ASP.NET Core + Azure Text Analysis + AWS Text Analysis – Twitch Live Stream

I am live on Twitch at 20:00 on Wednesday the 28th of March with Emanuele Bartolesi. We will be talking about ASP.NET Core, Text Analysis on AWS and Azure.

Here the link to the Twitch stream: Twitch Stream.
After the live streaming we will upload the video to Youtube.

Hope to see you there!

Extract business insights from audio using AWS Transcribe, AWS Comprehend and Elasticsearch – Part 1 and 2- Skedler Blog

I’ve just published a new blog post on the Skedler Blog.
In this two-part blog post, we are going to present a system architecture to convert audio and voice into written text with AWS Transcribe, extract useful information for quick understanding of content with AWS Comprehend, index this information in Elasticsearch 6.2 for fast search and visualize the data with Kibana 6.2. In Part I, you can learn about the key components, architecture, and common use cases. In Part II, you can learn how to implement this architecture.

The components that we are going to use are the following:

  • AWS S3 bucket
  • AWS Transcribe
  • AWS Comprehend
  • Elasticsearch 6.2
  • Kibana 6.2
  • Skedler Reports and Alerts

System architecture:

You can read the full post – Part 1 – here: Extract business insights from audio using AWS Transcribe, AWS Comprehend and Elasticsearch – Part 1.

Part 2 – here: Extract business insights from audio using AWS Transcribe, AWS Comprehend and Elasticsearch – Part 1.

Please share the post and let me know your feedbacks.

PyCon Nove – Speaker

PyCon Nove is the ninth edition of the Italian Python Conference.
The event will take place in Florence, the 19th – 22nd April 2018.

During the event I will be speaking about “Monitoring Python Flask Application Performances with Elastisearch and Kibana”.

Here you can find the complete schedule: Pycon Nove Schedule and the abstract of my talk.

You can reserve your spot here: Pycon Registration.

PS: after the conference on Friday evening don’t miss the Elastic Meetup!

Hope to see you there πŸ™‚

AWS Transcribe – Use cases

At the re:invent2017 AWS presented AWS Transcribe (read more about new AWS announcements here: AWS Comprehend, Translate and Transcribe).

Amazon Transcribe is an automatic speech recognition (ASR) service that makes it easy for developers to add speech to text capability to their applications. Using the Amazon Transcribe API, you can analyze audio files stored in Amazon S3 and have the service return a text file of the transcribed speech.

Use cases

Amazon Transcribe can be used for lots of common applications, for example:

  • transcription of customer service calls
  • generation of subtitles on audio and video content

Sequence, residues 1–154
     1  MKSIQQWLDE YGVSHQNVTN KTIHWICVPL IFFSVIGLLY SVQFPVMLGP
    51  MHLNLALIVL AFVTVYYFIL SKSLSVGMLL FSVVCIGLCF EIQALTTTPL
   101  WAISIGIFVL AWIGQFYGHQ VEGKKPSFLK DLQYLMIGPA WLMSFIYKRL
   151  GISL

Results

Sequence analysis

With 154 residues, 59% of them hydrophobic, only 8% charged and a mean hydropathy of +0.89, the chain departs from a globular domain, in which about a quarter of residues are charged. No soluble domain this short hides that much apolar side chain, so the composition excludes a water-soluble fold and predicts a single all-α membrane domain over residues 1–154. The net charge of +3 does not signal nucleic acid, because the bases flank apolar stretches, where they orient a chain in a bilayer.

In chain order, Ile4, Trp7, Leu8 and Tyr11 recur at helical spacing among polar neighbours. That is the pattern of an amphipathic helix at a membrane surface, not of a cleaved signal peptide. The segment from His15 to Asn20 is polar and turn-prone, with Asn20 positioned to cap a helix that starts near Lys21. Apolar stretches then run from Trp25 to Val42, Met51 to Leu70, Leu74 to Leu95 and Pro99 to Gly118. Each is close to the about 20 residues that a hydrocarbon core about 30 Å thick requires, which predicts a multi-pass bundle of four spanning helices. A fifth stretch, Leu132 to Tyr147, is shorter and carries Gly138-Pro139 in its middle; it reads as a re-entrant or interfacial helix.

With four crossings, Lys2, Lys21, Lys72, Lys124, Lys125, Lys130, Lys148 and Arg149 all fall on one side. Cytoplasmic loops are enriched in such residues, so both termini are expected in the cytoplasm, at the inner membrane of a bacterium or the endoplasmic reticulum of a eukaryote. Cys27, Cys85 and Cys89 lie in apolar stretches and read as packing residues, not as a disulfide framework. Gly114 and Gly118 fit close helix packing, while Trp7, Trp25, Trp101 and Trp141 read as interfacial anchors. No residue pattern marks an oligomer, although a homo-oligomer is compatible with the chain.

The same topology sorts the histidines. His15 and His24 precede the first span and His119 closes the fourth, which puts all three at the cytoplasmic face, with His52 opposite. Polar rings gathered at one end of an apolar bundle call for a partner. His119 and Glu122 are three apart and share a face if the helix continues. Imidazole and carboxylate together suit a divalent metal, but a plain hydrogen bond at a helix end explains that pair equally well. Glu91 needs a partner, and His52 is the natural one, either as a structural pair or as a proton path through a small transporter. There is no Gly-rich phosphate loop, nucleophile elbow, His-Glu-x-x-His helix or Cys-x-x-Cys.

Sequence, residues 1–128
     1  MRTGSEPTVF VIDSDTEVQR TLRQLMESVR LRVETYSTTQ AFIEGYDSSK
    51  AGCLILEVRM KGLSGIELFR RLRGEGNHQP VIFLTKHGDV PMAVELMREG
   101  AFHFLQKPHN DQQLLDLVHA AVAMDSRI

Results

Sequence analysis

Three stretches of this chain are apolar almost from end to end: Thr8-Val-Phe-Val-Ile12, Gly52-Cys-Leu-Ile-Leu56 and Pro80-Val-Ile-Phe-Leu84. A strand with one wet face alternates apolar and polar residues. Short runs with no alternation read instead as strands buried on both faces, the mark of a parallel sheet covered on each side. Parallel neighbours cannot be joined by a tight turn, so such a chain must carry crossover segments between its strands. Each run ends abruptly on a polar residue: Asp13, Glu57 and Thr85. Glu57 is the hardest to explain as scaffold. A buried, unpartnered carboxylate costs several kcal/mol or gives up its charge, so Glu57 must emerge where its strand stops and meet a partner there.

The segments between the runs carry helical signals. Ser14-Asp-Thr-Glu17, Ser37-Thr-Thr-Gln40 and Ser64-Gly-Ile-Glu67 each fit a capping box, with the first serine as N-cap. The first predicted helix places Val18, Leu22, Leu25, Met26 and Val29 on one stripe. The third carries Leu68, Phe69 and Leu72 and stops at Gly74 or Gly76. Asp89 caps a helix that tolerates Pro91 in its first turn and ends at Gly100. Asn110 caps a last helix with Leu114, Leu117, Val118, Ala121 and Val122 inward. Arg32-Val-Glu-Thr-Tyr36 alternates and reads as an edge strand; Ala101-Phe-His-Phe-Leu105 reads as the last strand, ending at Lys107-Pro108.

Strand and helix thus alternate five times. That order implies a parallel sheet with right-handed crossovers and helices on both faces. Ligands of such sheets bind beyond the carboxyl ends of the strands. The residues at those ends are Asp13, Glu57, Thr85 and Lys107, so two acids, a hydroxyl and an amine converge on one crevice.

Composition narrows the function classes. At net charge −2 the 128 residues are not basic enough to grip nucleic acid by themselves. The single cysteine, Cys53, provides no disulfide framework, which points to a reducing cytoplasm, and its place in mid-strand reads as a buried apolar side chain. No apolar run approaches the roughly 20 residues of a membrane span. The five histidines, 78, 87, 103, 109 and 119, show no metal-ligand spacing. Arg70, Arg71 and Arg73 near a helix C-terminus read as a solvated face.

• conversion of audio file (for example podcast) to text
  • search for key words or not safe for work words within an audio file

The service is still in preview, watch the launch video here: AWS re:Invent 2017: Introducing Amazon Transcribe
You can read more about it here: Amazon Transcribe – Accurate Speech To Text At Scale.

Here how to use AWS Transcribe with the Python SDK. Please notice that the service is still in preview.
Here you can find the documentation: Boto3 AWS Transcribe.

Initialize the client:

Run the transcribe job:

Check the job status and print the result:

Here how the output looks like:

Soon I am going to use AWS transcribe to build a speech to text recognition system that will process customer care recordings in order to:

  • convert speech to text (using AWS Transcribe)
  • extract entites, sentiment and key phrases from the text (using AWS Comprehned)
  • index the result to Elasticsearch for fast search

Application Performance Monitoring (APM) with Elasticsearch 6.1.1

In June 2017 Elastic joined forces withΒ Opbeat an application performance monitoring (APM) company. Read the official blog post here: Welcome Opbeat to the Elastic Family.

Adding APM (Application Performance Monitoring) to the Elastic Stack is a natural next step in providing our users with end-to-end monitoring, from logging, to server-level metrics, to application-level metrics, all the way to the end-user experience in the browser or client.

Elastic APM consists of three components:

  • Agents: libraries that run inside of your application process and automatically measure the duration of requests to your service and things like database queries, cache calls, external http requests and errors
  • The APM server (written in Golang) that processes data from agents and stores the data in Elasticsearch
  • Kibana UI: dashboards that gives you an instant overview of application response times, requests per minutes, error occurrences and more.

The APM server and the agents (right now available only for Python and NodeJS) are open source:

Read more about it here: Starting Down the Path of APM for the Elastic Stack

In this post we are not going to see how to install the APM server, you can find the instructions here: Open Source Application Performance Monitoring.

Once the APM Server is installed and started we can monitor the performance of our application. In this example we will see a Python Flask application.

Install the Python APM library:

Initialize the client:

Within the Flask route you can log some messages:

or exceptions:

Here is how the monitoring looks like in Kibana:

You can see the details of each request by clicking on it:

 

I really like the APM feature fully integrated with the Elastic Stack. I will integrate it within my Flask/Django applications.
If you want to read more about the new APM feature:

If you want to read more about this topic: Application Performance Monitoring with Elasticsearch 6.1, Kibana and Skedler Alerts.